Los Angeles Residents’ Rude Awakening

Posted: March 16, 2010 by Brian in 911, disasters, earthquake, Emergency
Tags: , , , , ,

4.4 Magnitude
Most of us felt the 4.4 magnitude shaker early Tuesday morning, but Brian was not disturbed.  The wife woke me up with something about an earthquake but I dismissed her claims mostly due to the fact that I feel tremors like this in bed every night.  Now, now, get your mind out of the gutter.  I’m talking about the wife’s sleeping habits.  But that is neither here nor there.  The bed shook a bit and the house creaked and moaned.  That was the extent of it here in Long Beach, 21 miles away.  Not the case though closer to the epicenter.

Morning news channels reported chunks of freeways falling off, and minimal damages to homes but one can’t help but notice the timing.  Haiti’s numerous tremors, Chile’s quake, and now California.  Is this all that was due or is this merely a foreshadow of what is to come; an appetizer, if you will.  Regardless of what it is, we shouldn’t ignore the fact that we do live above one of the most active faults on Earth and that shakers like today’s are more common than we think.  That being said, how many of us are actually prepared for an earthquake?  Not I.  We DID recently acquire earthquake insurance, but what good will that do if we don’t survive the quake to put our claim in?  No need to look around though.  I’ve got your Earthquake Preparedness list right here.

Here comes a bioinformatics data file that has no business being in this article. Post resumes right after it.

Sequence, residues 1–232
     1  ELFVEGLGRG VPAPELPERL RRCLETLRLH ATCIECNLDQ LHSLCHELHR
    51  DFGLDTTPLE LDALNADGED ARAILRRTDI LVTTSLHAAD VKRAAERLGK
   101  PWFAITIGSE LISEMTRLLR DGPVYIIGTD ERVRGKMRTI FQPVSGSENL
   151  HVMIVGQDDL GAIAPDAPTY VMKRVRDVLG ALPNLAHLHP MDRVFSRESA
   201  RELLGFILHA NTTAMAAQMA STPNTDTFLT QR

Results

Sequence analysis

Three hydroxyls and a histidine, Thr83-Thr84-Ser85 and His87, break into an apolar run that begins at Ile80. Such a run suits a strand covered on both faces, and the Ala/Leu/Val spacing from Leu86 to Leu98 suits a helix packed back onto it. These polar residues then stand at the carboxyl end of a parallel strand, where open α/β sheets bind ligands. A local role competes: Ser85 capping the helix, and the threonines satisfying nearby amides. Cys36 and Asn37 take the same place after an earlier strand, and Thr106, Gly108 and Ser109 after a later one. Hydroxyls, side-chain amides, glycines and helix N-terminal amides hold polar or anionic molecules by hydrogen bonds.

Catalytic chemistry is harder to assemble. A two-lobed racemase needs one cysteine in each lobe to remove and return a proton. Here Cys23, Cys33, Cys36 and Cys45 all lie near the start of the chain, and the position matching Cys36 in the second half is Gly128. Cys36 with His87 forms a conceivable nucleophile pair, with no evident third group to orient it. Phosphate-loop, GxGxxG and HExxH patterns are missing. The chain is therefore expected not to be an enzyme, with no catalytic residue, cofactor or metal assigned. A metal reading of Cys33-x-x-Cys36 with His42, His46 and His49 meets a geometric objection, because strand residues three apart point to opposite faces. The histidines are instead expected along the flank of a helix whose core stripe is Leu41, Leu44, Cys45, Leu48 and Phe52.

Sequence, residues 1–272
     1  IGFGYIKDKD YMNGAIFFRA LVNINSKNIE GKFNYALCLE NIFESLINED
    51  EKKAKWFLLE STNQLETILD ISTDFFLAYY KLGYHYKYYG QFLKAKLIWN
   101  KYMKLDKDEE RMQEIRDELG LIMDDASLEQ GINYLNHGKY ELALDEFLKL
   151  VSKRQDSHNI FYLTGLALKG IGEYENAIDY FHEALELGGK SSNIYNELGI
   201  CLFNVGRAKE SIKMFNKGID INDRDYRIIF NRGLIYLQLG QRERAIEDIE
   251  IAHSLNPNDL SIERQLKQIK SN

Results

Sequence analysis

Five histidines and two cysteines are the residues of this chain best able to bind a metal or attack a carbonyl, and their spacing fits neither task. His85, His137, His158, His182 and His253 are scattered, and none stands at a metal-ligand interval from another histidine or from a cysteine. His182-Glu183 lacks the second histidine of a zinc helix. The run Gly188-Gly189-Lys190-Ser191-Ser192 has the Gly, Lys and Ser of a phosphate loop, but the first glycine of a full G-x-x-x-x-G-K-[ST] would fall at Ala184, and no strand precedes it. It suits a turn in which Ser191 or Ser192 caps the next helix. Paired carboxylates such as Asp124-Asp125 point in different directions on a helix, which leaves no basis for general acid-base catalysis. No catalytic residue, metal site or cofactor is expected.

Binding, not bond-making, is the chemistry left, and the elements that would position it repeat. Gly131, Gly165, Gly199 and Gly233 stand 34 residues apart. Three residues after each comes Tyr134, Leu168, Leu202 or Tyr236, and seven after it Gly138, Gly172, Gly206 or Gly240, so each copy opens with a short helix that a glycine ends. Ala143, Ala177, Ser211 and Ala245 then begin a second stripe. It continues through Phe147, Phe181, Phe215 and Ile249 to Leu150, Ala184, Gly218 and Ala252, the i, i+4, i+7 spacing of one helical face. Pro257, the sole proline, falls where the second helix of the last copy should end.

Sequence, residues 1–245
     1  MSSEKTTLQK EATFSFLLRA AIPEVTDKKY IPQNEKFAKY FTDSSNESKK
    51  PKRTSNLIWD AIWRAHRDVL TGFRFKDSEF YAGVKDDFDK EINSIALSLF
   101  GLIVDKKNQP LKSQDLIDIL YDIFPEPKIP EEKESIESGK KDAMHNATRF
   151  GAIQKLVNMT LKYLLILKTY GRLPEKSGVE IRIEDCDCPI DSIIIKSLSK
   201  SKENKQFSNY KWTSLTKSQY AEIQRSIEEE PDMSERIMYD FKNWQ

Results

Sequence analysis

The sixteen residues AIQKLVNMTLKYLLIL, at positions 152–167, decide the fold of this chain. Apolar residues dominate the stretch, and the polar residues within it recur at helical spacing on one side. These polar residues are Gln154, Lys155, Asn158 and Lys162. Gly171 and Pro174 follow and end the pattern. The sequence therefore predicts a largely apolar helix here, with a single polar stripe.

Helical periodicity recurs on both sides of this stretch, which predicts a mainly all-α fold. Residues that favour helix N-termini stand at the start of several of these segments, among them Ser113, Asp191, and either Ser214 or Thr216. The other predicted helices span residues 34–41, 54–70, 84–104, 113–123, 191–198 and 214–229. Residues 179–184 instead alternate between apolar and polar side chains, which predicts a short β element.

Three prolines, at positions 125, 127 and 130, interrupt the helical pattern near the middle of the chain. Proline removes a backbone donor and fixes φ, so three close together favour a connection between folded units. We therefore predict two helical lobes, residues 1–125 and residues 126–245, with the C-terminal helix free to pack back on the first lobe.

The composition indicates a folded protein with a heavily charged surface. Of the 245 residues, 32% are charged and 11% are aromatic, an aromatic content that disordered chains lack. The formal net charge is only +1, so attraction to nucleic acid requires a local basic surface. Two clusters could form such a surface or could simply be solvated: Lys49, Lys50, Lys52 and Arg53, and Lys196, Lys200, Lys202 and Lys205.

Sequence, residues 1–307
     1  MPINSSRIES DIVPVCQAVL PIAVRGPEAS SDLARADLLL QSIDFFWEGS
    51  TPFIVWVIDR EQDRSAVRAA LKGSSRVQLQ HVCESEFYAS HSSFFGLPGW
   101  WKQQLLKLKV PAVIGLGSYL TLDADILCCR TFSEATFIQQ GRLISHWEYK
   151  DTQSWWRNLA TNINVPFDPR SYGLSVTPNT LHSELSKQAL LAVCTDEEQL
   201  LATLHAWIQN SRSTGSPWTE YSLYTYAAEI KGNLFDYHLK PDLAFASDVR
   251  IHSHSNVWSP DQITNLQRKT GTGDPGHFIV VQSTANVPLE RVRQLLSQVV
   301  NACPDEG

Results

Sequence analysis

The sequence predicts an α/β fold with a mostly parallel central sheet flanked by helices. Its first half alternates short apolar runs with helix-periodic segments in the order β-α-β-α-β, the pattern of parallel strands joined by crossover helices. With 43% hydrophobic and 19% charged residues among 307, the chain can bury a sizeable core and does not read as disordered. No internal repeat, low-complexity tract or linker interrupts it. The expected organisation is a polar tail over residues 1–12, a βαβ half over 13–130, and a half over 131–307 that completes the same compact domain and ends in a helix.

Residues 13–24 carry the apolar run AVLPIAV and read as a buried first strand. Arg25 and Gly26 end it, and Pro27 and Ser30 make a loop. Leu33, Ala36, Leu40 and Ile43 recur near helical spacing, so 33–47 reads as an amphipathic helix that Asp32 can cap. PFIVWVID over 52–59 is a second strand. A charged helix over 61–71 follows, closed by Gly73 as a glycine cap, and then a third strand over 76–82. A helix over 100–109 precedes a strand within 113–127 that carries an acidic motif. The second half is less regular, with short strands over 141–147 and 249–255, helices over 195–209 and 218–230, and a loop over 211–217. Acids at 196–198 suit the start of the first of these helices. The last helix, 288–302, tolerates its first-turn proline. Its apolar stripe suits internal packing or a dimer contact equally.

An Earthquake Kit (or a Go-Pack) should contain the following:

  • Flashlight and extra batteries
  • Portable battery-powered radios
  • First-aid kit and manuals
  • Emergency food and water, enough to last for three days
  • Non-electric can opener
  • Essential medicines
  • Cash and Credit Cards
  • Sturdy Shoes (very important they are shoes and not your favorite pair of chanclas or flip-flops.  There will usually be broken glass or items on the floor after a good shaker)

Here are some other handy links that will teach or remind you what to do before, during, and after an earthquake because honestly, when was the last time anyone really had to use an earthquake emergency plan?  Exactly…

FEMA’s Advice:

What To Do Before

What To Do During

What To Do After

There you have it.  Educate and prepare yourselves as best as you can.  I don’t know about all of you but I don’t want to relive another Northridge quake.  But when, and not if we do, no one wants to be on the “I told you so”-end of a conversation, especially after an earthquake.


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